There is a lot of consensus on most of that analysis but at the two political extremes are very different views; which largely ignore any evidence. The far right do not believe in any kind of socialist health system and would opt for a totally different, market based model which they think would be much cheaper for the taxpayer.

The far left share the idea that there are major savings to be made but their change would be to remove all private provision and undertake a huge reorganisation to reinstate organisation structures from 30 years ago.

In the real world the dominant current issues facing the care system are that the funding is insufficient; social care is a disgrace and the system is fragmented and incoherent from a user’s perspective. It is a mess as the H&SC Act removed any proper ability to control and plan the system – there is no strategic glue anywhere just legions of semi-autonomous bodies all with their own aims and objectives. Add to this long standing issues of the lack of accountability; a medical not a social model (fixing more than preventing); unwarranted variation and systems that are not designed around the recipients of care – we have a system and training regime designed for the passive grateful generation not for the iPhone one.

We are unsure about efficiency and effectiveness as we don’t have the data or methodologies to examine it. There are good grounds to suspect that there are more technical efficiencies to be made. Changes which will improve the experience of care through integration may also reduce costs. Unfortunately for the efficiency evangelists evidence suggests these changes do not produce “savings” they are far more likely to be a contributor to slowing the rate of growth in expenditure. We know less about allocative efficiency (they know far more in Wales) and the concept of allocating resources to where and what gives the greatest return is alien to the NHS.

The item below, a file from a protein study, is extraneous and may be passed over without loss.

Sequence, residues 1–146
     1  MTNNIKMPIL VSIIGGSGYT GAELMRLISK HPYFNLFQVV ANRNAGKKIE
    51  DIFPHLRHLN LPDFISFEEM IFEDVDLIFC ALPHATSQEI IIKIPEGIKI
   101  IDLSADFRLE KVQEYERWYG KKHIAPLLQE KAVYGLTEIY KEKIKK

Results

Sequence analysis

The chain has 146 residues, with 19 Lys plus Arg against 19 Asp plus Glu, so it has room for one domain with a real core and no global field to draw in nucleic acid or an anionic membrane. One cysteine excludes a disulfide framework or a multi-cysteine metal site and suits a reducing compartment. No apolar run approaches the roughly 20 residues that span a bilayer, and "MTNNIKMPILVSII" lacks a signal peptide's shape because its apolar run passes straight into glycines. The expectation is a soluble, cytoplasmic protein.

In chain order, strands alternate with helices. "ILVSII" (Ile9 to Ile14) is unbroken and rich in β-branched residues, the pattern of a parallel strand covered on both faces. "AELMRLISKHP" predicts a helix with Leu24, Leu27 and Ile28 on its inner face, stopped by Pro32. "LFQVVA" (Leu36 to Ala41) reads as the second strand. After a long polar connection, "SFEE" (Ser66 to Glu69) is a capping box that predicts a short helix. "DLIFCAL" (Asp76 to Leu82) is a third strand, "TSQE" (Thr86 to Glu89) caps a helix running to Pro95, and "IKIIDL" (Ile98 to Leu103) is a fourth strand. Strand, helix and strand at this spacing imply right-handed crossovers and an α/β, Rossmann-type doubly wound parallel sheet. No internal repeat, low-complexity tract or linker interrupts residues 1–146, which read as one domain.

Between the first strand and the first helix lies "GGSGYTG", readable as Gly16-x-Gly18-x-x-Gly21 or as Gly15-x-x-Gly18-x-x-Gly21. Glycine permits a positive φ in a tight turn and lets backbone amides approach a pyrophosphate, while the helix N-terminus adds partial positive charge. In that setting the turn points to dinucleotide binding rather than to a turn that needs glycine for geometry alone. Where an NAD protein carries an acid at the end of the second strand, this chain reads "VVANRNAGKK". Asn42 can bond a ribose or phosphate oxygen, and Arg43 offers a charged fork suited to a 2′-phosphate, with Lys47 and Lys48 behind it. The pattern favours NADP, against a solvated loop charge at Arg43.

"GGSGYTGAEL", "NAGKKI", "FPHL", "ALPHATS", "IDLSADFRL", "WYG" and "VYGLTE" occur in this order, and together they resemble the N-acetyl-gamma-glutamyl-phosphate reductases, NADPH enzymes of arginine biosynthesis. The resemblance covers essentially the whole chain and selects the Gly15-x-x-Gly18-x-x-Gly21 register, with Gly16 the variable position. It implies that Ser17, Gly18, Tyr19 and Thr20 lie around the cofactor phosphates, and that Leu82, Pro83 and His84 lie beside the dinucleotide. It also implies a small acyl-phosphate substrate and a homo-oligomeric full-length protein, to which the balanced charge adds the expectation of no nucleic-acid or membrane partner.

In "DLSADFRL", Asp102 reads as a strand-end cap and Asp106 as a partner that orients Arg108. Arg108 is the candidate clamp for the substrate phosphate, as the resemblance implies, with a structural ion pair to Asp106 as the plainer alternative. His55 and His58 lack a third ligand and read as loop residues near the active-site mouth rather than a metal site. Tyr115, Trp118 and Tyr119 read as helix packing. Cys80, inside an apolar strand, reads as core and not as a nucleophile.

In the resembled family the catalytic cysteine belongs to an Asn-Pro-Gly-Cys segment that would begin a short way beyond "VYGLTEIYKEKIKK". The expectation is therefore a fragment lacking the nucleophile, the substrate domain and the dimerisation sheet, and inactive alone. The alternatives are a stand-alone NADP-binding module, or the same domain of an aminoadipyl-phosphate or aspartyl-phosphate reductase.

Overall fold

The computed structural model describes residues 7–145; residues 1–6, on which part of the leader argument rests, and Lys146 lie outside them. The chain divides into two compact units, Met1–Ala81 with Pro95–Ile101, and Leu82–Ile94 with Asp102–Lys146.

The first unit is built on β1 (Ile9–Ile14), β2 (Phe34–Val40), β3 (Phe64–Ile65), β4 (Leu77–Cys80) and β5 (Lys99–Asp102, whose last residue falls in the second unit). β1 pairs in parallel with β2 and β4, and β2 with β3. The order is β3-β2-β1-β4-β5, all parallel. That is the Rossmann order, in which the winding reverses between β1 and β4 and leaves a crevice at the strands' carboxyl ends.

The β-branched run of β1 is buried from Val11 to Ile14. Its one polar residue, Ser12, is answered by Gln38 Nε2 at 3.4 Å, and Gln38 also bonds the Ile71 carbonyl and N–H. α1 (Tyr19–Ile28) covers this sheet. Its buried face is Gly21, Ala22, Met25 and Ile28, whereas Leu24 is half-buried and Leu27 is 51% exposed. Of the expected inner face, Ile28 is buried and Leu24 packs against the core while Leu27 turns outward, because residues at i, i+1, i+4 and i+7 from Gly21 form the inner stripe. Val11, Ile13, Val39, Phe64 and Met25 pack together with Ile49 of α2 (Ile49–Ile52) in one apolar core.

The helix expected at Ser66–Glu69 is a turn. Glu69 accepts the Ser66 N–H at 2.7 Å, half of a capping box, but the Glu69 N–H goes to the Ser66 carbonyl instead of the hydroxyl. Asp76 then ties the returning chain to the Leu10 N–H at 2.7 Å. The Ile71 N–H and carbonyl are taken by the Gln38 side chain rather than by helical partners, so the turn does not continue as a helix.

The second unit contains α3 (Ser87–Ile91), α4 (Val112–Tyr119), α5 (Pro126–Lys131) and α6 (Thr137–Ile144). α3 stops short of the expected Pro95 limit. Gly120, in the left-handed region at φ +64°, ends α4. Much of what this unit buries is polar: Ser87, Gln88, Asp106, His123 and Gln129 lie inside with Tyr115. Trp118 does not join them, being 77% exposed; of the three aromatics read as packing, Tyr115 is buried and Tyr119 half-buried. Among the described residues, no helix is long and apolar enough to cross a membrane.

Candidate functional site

So as well as more funding, both to plug current gaps but also to fund transformation, there is a greater need for clarity about the purpose of the care system, leading to its design then to how it can be funded and how we get there from where we are today.

The consensus is that the best route to improvement is to make better use of what you already have. Reorganisation and huge national initiatives don’t work. It is also obvious that the care system, especially the NHS has neither the capability nor capacity to take on major programmes and projects with any realistic hope of success.

What we need is injection of greater revenue funding to plug the current gap and then a couple of years of stability with no new announcement and no new initiatives, whilst all the various providers did their very best to make best use of that funding in delivering care. All the various vanguards and pilots and pathfinders should continue but with an enhanced and more independent evaluation. During the two years the longer term planning would be done with the full and proper engagement of staff patients and public, both locally and nationally.

In that time some consensus can be reached on the longer terms aspirations and on developing plans to get there; 10 year plans. Transformational incrementalism.